Feed on

As mentioned earlier, we’d planned to walk to the ship in order to “see more of Oslo.”

Mission accomplished! Boy, was it ever…

As planned, we retraced our steps from yesterday up to the point of the National Theatre. Once there, we turned left and headed down to the 1930s era City Hall (Radhuset) by the waterfront (usually a good place to find a ship).

Oslo's City Hall

Oslo's City Hall

Unfortunately, despite being on the harbor, I couldn’t see Vision of the Seas. However, as I could see a different ship—called Insignia–docked at the foot of the Akershus Fortress and because I’d seen two ships in port (with Vision to the right of the second ship), I reasonably concluded that Vision must be on the opposite side of the castle. Moreover, as I wasn’t sure that the esplanade at the base of the fortress continued to the other side, I opted for us to take the inland route around the fort.

Sadly, this was a critical error.

After spending 45 minutes and nearly circumnavigating the fort (while tugging much far too much heavy luggage), I finally spotted Vision of the Seas (and a third ship, which must have been the actual “other” ship) at a pier on the far side of the harbor. Once located, we soldiered on for another 30 minutes or so to finally reach or destination.

We’ll call this my “George W. Bush ‘Mission Accomplished’ Moment” of the trip. I achieved the objective, though things were seriously screwed up along the way. Of course, this is something of a poor analogy as we eventually left Oslo. 😉

Check-In was relatively painless, though less breezy than some.

We had lunch in the Windjammer (still thinking it’s the best buffet at sea). We headed down to our cabin, met our attendant, unpacked, put Emerson down for a nap, and eventually went to the muster drill. Somewhere in there, I managed to book our only organized shore excursion (for Russia) and also got our dining room table changed (private table for us – yeah, baby!). After the muster, we returned to the cabin, finished unpacking, and prepared for dinner.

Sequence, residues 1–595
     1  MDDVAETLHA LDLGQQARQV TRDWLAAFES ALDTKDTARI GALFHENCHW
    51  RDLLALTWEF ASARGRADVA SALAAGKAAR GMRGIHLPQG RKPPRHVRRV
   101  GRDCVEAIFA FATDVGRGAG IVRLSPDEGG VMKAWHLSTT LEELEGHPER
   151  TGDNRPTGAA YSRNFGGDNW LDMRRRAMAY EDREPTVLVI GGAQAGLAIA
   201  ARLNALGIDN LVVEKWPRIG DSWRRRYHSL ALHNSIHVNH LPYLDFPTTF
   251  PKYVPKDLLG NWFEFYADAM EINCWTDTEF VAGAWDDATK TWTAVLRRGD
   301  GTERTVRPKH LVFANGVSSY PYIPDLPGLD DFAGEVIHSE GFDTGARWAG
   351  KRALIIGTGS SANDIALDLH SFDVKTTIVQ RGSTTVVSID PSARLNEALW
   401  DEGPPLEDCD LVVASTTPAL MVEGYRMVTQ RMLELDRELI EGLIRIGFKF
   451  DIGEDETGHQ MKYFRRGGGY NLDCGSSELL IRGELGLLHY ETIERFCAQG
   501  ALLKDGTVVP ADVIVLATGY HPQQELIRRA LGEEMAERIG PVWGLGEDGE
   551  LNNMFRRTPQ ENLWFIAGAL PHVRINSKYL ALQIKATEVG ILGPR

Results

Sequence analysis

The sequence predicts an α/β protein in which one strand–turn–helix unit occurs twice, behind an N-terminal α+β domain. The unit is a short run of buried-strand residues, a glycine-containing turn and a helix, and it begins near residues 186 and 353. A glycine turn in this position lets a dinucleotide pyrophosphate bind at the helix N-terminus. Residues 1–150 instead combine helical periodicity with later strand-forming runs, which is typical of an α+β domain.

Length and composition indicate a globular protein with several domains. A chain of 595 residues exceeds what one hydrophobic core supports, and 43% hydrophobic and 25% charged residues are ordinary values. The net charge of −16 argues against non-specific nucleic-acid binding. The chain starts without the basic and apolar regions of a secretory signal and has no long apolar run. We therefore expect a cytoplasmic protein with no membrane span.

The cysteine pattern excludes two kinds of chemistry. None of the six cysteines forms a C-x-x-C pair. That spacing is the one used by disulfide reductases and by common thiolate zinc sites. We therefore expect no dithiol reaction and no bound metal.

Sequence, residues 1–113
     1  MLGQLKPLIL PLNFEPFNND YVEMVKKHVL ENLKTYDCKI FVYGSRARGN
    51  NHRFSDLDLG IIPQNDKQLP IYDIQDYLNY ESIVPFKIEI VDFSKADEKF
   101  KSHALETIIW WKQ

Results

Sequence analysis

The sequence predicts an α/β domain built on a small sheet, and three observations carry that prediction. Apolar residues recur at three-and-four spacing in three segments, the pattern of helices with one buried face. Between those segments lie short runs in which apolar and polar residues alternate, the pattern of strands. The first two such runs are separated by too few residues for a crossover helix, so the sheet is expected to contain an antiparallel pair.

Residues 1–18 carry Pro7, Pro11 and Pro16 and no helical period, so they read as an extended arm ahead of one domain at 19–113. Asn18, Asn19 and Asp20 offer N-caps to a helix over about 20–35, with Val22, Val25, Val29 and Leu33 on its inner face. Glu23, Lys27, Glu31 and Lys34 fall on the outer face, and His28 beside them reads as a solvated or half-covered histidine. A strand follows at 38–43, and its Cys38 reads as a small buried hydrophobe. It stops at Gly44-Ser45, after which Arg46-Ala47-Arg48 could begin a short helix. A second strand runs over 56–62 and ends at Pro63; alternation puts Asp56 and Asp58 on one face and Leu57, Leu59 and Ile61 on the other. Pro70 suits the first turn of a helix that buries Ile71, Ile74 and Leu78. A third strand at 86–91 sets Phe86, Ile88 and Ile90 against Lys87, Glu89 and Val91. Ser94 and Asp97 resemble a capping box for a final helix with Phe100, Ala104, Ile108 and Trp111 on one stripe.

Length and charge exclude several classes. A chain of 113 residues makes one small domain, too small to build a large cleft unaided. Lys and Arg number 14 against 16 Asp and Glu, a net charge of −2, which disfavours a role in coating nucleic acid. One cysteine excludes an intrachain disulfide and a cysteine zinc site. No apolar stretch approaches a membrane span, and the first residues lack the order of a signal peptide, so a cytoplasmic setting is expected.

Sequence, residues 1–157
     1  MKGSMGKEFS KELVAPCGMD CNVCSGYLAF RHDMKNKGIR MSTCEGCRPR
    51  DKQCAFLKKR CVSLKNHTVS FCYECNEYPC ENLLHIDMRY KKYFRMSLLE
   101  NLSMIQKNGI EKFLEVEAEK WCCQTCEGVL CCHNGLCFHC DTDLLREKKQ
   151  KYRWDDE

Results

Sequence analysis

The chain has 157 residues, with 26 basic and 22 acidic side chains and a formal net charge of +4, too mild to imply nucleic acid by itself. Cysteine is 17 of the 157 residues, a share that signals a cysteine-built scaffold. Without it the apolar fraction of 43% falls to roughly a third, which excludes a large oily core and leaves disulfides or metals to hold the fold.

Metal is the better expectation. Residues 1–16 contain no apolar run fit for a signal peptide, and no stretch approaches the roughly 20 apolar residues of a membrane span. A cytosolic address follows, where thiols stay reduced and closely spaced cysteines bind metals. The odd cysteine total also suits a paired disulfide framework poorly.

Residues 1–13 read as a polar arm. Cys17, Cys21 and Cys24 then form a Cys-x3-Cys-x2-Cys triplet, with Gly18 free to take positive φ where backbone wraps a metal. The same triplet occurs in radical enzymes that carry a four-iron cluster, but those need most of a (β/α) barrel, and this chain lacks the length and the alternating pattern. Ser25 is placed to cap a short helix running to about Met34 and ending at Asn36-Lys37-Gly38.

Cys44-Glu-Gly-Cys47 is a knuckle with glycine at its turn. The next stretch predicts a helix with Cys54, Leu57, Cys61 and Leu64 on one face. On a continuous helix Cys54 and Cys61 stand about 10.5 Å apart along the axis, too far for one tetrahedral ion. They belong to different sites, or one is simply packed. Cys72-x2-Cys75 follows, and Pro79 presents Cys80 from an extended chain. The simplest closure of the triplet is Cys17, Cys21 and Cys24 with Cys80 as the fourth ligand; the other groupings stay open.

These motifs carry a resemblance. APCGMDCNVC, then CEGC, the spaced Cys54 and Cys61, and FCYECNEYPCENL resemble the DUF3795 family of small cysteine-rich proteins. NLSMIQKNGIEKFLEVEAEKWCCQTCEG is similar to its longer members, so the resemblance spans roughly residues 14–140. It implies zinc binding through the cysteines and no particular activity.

We broke routine (on this our 15th cruise!) and didn’t fully explore the ship from top to bottom. In part, this was just a function of timing. Yet, I also think that we just simply felt immediately at home aboard Vision. Having sailed the prior (Sovereign) and following (Radiance) class of ships, Vision feels very much part of the family. Despite being older than many of the ship’s we’ve sailed on, she’s well maintained, good looking, and (something RCI’s good at) suitably nautical feeling. Our cabin (#3072, an oceanview on Deck #3) is neither especially commodious nor luxurious, but it’s perfectly functional and has aged well. A balcony—which are in shorter supply on this class of ship—would have been nice but hardly worth the price premium demanded on this ship.

Tonight, we ate dinner in the main dining room. We did this with more than a little trepidation and anxiety. As a nine month old, Emerson was a little bit challenging when dining with the entire family aboard Norwegian Dawn. On the Antarctica cruise in February, Libby and I ventured to the main dining room only a few times, grew frustrated, and then ate dinner in Celebrity’s lackluster lido buffet for the majority of the 14-night cruise. So on this trip, we’d planned to skip the MDR altogether. At some point today, I had a change of heart and thought we should try it.

And, we’re so glad that we did!

Despite some initial slow service (we waited 45 minutes to get our starters), Emerson was a perfect little angel for over two hours. We occupied her with toddler-friendly apps and pictures/videos on the iPhone (thank you, Lord, for giving us Apple). She also colored on the RCI kid’s menu after we ordered her dinner. She loved her guacamole and homemade chips appetizer (though she mostly focused on the guac), as well as her entrée of chicken fingers and French fries. Her table manners were good (for a 17 month old), using utensils and not trying to pick up the ceramic plates. And, she mostly fed herself with minimal assistance from us. In fact, she was so into her meal that we ended up having to wait for her to finish! Our meals (onion tart, prime rib for Libby; tortilla soup, pan roasted pork medallions for Paul) were very good as well. And the service of the head waitress from Poland was simply outstanding (she cut up Emerson’s food; said she’d have guacamole on standby for her subsequent evenings, provided extra napkins / utensils, and checked on us at least a half a dozen times). Honestly, it’s the first time (in 15 cruises) that I’ve actually seen someone in the role of headwaiter who seems to be worthy of the title. Kudos to her!

Emerson loves Guacamole!

Emerson loves Guacamole!

Off to a great start!

Tomorrow’s Copenhagen, Denmark — or, as I like to call it, county #47! :-)

One Response to “Cruise Day #1 – Oslo, Norway”

  1. Dick says:

    Just want you to know that Frank and I are seething with jealousy.

    Enjoy Enjoy Enjoy

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